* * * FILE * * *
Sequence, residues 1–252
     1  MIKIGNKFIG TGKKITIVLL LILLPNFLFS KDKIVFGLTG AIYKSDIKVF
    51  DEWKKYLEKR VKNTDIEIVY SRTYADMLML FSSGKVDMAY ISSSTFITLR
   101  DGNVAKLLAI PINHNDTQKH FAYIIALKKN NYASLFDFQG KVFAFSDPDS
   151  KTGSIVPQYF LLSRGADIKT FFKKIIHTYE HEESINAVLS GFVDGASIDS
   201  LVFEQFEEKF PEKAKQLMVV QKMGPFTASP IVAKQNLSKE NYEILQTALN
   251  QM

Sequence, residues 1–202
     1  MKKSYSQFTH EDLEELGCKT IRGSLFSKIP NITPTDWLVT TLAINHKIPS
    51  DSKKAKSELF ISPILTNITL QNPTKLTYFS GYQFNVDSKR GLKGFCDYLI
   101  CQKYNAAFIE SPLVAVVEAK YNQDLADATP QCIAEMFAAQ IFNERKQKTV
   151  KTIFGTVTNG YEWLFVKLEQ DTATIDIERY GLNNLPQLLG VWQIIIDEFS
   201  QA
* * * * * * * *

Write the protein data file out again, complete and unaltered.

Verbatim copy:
Sequence, residues 1–252
     1  MIKIGNKFIG TGKKITIVLL LILLPNFLFS KDKIVFGLTG AIYKSDIKVF
    51  DEWKKYLEKR VKNTDIEIVY SRTYADMLML FSSGKVDMAY ISSSTFITLR
   101  DGNVAKLLAI PINHNDTQKH FAYIIALKKN NYASLFDFQG KVFAFSDPDS
   151  KTGSIVPQYF LLSRGADIKT FFKKIIHTYE HEESINAVLS GFVDGASIDS
   201  LVFEQFEEKF PEKAKQLMVV QKMGPFTASP IVAKQNLSKE NYEILQTALN
   251  QM

Sequence, residues 1–202
     1  MKKSYSQFTH EDLEELGCKT IRGSLFSKIP NITPTDWLVT TLAINHKIPS
    51  DSKKAKSELF ISPILTNITL QNPTKLTYFS GYQFNVDSKR GLKGFCDYLI
   101  CQKYNAAFIE SPLVAVVEAK YNQDLADATP QCIAEMFAAQ IFNERKQKTV
   151  KTIFGTVTNG YEWLFVKLEQ DTATIDIERY GLNNLPQLLG VWQIIIDEFS
   201  QA